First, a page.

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Indigo Plantations and Science in Colonial India
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Book description

Prakash Kumar documents the history of agricultural indigo, exploring the effects of nineteenth-century globalisation on this colonial industry. Charting the indigo culture from the early modern period to the twentieth century, Kumar discusses how knowledge of indigo culture thrived among peasant traditions on the Indian subcontinent in the early modern period and was then developed by Caribbean planters and French naturalists who codified this knowledge into widely disseminated texts. European planters who settled in Bengal with the establishment of British rule in the late eighteenth century drew on this information. From the nineteenth century, indigo culture became more modern, science-based and expert driven, and with the advent of a cheaper, purer synthetic indigo in 1897, indigo science crossed paths with the colonial state's effort to develop a science for agricultural development. Only at the end of the First World War, when the industrial use of synthetic indigo for textile dyeing and printing became almost universal, did the indigo industry's optimism fade away.


‘In examining the history of indigo cultivation and agricultural science in India, Kumar lucidly explores the intersection between imperial systems, technological modernity, and global knowledge diasporas. The book combines exemplary research with insightful and challenging theorization about the application and understanding of science in a colonial setting.’

David Arnold - Emeritus Professor of Asian and Global History, University of Warwick

‘In his insightful history of modern indigo, Prakash Kumar nicely demonstrates that knowledge of the blue dye was fluid and fugitive, mobile and global.’

Joyce Chaplin - Harvard University

‘Professor Kumar has brought an entirely fresh perspective to the subject of indigo in India by examining the science and the patronage of science involved in the ‘improvement’ of indigo over several hundred years and by placing his study in a truly global framework. This book is a major contribution both to the history of modern South Asia and to the history of science.’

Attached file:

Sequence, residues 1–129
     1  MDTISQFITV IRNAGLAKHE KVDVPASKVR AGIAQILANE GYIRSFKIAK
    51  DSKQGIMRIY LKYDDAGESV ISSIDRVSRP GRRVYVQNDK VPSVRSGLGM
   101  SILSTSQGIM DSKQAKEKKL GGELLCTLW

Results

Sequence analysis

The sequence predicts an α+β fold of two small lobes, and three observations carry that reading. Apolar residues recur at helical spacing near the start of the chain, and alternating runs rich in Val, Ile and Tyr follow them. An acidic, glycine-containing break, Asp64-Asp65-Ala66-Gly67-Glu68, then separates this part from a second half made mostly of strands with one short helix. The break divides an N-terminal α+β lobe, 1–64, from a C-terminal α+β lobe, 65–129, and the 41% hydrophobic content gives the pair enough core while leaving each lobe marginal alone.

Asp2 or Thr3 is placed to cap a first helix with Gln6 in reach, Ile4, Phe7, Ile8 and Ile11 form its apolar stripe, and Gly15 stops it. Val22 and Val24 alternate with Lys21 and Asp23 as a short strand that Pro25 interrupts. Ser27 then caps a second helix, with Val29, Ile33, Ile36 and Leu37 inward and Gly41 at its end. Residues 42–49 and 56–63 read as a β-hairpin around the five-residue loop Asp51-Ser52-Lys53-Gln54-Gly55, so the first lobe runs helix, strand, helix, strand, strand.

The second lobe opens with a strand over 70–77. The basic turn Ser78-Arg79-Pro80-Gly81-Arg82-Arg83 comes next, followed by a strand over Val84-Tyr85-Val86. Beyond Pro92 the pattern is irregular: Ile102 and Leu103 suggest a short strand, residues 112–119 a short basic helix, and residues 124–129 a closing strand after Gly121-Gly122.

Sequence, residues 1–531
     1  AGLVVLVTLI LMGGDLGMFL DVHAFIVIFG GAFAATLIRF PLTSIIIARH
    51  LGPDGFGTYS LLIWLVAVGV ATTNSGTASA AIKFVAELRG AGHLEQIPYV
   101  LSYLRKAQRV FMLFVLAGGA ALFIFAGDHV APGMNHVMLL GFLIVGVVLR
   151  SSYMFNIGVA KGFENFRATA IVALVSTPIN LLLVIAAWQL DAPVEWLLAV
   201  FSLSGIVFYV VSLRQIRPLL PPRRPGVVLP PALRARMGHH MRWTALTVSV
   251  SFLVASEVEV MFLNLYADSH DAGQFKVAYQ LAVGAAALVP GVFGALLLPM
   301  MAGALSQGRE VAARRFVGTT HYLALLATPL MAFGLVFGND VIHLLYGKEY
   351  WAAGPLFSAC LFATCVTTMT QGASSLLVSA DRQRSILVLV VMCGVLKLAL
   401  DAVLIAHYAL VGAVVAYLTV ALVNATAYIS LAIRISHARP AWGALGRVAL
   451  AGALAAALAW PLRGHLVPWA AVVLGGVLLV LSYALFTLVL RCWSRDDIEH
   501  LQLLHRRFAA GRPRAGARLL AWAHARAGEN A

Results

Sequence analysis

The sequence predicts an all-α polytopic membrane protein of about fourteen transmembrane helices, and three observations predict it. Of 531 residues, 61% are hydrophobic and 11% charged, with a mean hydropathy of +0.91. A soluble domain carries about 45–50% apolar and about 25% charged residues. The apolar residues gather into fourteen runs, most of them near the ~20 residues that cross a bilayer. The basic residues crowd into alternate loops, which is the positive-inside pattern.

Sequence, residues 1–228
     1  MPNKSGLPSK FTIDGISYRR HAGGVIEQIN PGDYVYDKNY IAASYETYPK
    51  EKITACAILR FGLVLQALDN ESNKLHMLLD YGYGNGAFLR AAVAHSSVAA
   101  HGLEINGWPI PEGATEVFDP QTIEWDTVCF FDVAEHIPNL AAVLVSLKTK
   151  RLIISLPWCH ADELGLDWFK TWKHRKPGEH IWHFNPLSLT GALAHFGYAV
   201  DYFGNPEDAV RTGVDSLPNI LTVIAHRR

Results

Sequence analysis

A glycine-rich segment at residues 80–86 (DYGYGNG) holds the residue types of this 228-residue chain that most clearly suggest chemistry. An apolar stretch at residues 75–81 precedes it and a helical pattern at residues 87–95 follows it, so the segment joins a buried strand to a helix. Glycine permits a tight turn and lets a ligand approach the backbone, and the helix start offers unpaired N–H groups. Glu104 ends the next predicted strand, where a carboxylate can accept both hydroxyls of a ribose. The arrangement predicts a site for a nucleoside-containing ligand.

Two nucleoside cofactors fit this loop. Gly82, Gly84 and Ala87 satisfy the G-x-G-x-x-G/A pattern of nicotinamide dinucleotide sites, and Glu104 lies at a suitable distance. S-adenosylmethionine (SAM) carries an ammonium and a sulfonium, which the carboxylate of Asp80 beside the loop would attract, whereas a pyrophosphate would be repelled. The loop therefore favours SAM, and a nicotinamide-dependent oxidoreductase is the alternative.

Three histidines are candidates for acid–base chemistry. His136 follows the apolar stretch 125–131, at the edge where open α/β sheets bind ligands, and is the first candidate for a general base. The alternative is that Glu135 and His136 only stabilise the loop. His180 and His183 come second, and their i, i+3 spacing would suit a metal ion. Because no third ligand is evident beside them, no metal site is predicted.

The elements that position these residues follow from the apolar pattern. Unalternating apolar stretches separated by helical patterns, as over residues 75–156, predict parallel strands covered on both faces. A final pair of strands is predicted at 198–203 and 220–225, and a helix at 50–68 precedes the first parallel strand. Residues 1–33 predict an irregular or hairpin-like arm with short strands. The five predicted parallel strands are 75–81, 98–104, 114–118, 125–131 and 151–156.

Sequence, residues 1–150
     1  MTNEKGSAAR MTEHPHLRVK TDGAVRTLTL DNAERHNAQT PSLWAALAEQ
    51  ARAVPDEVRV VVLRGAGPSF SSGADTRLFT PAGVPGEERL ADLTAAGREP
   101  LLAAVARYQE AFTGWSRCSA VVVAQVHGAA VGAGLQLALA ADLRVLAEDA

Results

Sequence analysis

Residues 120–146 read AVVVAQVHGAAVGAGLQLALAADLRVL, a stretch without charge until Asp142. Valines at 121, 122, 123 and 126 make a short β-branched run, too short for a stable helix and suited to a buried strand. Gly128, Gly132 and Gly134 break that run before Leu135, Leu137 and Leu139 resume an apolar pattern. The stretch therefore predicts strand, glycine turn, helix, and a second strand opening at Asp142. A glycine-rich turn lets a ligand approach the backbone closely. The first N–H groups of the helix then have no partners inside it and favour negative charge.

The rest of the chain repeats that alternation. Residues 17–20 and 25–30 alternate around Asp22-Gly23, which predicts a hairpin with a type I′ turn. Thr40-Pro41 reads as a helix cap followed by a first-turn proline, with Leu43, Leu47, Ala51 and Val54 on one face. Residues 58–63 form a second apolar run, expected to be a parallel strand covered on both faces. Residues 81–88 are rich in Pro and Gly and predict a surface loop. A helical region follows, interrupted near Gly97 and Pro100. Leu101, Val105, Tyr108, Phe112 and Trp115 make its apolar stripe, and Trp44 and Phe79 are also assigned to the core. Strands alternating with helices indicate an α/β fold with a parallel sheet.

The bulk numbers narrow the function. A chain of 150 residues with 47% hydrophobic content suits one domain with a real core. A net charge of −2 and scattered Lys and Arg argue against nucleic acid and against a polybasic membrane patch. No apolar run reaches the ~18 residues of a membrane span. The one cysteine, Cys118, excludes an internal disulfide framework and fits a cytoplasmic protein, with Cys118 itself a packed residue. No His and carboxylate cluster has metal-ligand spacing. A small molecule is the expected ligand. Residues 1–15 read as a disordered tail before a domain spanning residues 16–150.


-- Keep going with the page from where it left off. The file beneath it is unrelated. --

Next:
Douglas E. Haynes - Dartmouth College

‘Professor Kumar’s book is a scholarly work of profound erudition. It is a masterful analysis of the complex and shifting interactions between agricultural practices, relations between European planters and Indian farmers, scientific research in Britain and India, and the role of the colonial state in Indian agriculture. Scholars interested in agriculture and science in colonial India will consult this work for years to come.’

Daniel Headrick - Professor Emeritus of Social Science and History, Roosevelt University

‘Prakash Kumar writes a new kind of history of indigo cultivation in British India, focusing on the vast mobility of productive scientific knowledge and its localization at the agrarian foundations of India’s modern development regime in Bengal.’

David Ludden - New York University

‘This book is the first full-scale study of the odyssey of natural indigo manufacturing by European entrepreneurs and planters in South Asia across three centuries, as seen from the point of view of technical knowledge and efforts at ‘improvement'. Its particular merit is that it analyzes the complex interplay between metropolitan science and local practice in the colony within a wider context of transnational market connections and cosmopolitan knowledge circulation at the global scale. This is a landmark study, based on wide-ranging and diversified sources, and written with impeccable clarity.’